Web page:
AM Online

Ignoring internet a costly mistake

Almost half of retailers in the AM100 top 20 take more than two days to respond to an email request for information, according to new research.

The generally accepted response time for good customer service is less than 24 hours.

The Auto Trader website usability study, carried out by eDigital Research, found that fewer than half of the 500 motorists who took part in the assessment would visit the dealer website again based on their email customer service experience.

Quality of response, product knowledge and ability to help for email enquiries were all rated below 50% - substantially behind phone enquiries ratings at 73%.

However, at least those retailers actually allowed potential customers to make an email enquiry.

Almost one-third (29%) did not offer this facility, while 52% were even more determined not to speak to potential customers by failing to include telephone details for customer service.

The 500 motorists rated the new car home page and the used car home page for the top 20 dealers as “satisfactory” and the search facilities as “good”. Thirty per cent found parts of the website confusing.

The overall experience was similarly patchy with just 52% of people saying they would visit the website again based on their initial visit. Only half would recommend the website to their friends and family.

Guy Phillipson, chief executive officer of the Internet Advertising Bureau, says dealers who ignore the importance of the internet are missing out on a huge and growing opportunity.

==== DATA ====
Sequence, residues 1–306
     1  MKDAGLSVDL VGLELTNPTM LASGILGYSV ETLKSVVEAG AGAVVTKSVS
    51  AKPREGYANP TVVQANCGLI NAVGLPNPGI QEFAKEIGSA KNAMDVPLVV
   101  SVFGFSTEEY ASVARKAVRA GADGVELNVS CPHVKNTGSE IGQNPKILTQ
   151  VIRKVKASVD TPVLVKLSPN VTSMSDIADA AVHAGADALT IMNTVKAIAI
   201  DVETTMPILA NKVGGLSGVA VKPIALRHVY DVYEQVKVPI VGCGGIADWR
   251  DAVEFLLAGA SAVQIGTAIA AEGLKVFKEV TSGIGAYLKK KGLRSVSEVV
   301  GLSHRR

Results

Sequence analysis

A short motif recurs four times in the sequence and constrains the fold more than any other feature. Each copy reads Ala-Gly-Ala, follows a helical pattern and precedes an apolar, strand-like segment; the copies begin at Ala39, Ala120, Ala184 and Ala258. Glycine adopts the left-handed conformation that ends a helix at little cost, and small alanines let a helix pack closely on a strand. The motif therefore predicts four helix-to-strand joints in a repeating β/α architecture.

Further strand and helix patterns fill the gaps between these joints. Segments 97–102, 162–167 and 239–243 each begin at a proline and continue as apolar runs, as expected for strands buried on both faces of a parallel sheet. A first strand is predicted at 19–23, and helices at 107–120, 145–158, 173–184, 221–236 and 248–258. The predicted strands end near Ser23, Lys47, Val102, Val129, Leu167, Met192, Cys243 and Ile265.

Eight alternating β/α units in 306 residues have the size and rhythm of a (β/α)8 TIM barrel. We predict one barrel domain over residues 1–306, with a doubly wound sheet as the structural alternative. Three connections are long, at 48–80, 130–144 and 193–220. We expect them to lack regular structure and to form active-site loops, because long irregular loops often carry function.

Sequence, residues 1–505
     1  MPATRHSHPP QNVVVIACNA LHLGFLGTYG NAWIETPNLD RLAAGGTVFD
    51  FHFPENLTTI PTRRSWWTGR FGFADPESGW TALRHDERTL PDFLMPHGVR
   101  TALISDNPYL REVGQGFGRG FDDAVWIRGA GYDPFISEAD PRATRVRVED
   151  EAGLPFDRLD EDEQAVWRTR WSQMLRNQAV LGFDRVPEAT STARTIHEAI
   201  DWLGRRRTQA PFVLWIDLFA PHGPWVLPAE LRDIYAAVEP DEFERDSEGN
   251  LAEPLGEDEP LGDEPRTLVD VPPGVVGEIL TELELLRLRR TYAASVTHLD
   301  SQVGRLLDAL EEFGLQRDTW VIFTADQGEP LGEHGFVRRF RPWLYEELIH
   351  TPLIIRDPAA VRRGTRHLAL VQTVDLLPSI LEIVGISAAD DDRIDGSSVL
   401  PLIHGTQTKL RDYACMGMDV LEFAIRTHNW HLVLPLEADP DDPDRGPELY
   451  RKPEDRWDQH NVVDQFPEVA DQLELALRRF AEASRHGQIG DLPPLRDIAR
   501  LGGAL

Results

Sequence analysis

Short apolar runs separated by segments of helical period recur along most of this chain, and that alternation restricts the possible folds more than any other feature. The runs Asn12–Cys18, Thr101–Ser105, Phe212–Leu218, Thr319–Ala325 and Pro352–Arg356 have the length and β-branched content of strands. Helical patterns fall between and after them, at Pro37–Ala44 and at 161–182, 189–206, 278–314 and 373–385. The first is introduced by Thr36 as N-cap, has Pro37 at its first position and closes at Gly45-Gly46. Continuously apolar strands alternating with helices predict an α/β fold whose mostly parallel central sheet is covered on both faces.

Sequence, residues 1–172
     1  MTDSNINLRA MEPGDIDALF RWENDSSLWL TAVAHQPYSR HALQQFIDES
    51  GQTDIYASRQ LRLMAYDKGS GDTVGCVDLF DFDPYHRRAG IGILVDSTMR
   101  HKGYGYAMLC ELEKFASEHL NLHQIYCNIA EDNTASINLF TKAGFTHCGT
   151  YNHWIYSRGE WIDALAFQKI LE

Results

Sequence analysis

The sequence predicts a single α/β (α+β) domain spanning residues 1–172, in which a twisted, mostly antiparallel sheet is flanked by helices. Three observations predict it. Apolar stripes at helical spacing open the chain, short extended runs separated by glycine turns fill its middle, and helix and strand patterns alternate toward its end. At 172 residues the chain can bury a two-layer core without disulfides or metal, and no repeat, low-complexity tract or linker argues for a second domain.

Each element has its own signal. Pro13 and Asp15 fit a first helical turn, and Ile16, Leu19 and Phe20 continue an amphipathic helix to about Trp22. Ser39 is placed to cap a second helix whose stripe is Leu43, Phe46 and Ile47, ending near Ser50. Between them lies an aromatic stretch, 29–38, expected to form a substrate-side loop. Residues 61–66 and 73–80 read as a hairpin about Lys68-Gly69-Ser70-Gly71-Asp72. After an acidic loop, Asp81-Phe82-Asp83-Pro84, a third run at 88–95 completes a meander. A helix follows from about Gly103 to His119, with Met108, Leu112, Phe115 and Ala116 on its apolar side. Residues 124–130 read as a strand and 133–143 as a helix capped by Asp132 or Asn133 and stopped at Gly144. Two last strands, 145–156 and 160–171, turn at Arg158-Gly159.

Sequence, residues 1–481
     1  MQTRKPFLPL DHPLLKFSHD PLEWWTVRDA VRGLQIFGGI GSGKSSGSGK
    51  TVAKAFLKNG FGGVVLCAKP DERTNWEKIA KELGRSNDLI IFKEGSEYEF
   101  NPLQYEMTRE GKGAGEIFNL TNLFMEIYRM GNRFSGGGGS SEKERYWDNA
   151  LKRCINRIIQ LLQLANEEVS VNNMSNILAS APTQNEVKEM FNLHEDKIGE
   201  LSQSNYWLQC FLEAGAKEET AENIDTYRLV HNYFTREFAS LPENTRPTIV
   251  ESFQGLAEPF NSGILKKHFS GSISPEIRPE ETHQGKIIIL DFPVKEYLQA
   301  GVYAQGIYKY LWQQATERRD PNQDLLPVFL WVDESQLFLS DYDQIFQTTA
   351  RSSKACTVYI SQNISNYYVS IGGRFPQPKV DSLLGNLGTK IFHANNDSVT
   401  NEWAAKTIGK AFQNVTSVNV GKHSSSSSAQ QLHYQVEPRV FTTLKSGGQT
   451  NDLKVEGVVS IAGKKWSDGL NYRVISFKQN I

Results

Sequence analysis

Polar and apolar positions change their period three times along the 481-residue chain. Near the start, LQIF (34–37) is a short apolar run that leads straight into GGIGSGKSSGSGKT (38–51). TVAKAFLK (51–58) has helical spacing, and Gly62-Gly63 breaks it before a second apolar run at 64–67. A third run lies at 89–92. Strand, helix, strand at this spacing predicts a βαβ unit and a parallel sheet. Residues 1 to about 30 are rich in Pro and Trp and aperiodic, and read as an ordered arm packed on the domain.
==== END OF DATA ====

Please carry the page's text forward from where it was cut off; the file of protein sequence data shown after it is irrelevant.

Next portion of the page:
“The number of visits a customer makes to a showroom before buying a car has reduced to two to three on average,” he says.

“People are spending 27% of their daily consumption online, second only to TV on 33%. Our research shows that the internet accounts for 39% of brand engagement for women on small cars.

“I predict that online will overtake TV by 2010 as the biggest single ad medium.”

Last year £2bn was spent on internet-based advertising, with the automotive industry accounting for 12%. This total is expected to rise by 30% this year.”

The website usability study findings were revealed at the inaugural Auto Trader Click Awards. Hartwell won the dealer website of the year; Toyota took the carmaker award.

Top 10 dos and don’ts

1. Do not “dead end” visitors by not allowing them an easy way back to the Home Page. Provide a clearly labelled Home Page link.

2. Keep the main logo at top of page and make it clickable to return to Home Page.

3. Where possible provide a link to “refine” or “amend” a search. Retain common information provided e.g. postcode. Why should users have to keep inputting this information?

4. Some searches fail because the criterion for search is not met, e.g. no dealer within 20 miles of postcode. This is returned as “no cars matched”. It would be better to return – “your closest dealer is X miles”.

5. Take care when using Macromedia Flash. Ensure DDA compliance plus speed of loading for target audience. Overuse of Flash can break user browser interface expectations

6. Know your user system profiles. Know how many of your potential users are on broadband? Test site 1024 x 768 screen resolutions – 55% of UK users have this screen size.

7. Don’t let brand designs overtake the basic requirement of the site which is the product offer. Potential purchasers are using sites to compare offers. Let them find what they are looking for easily and simply.

8. Ensure email contact forms are working. Check them regularly. Answer emails within 24 hours!

9. Telephone contact is important. Treat it so.

10. Know the main reasons users are visiting the site and make it (very) clear how to find those features and information with clear tabs or buttons. Find out why they are leaving and their future intentions.

Source: Auto Trader

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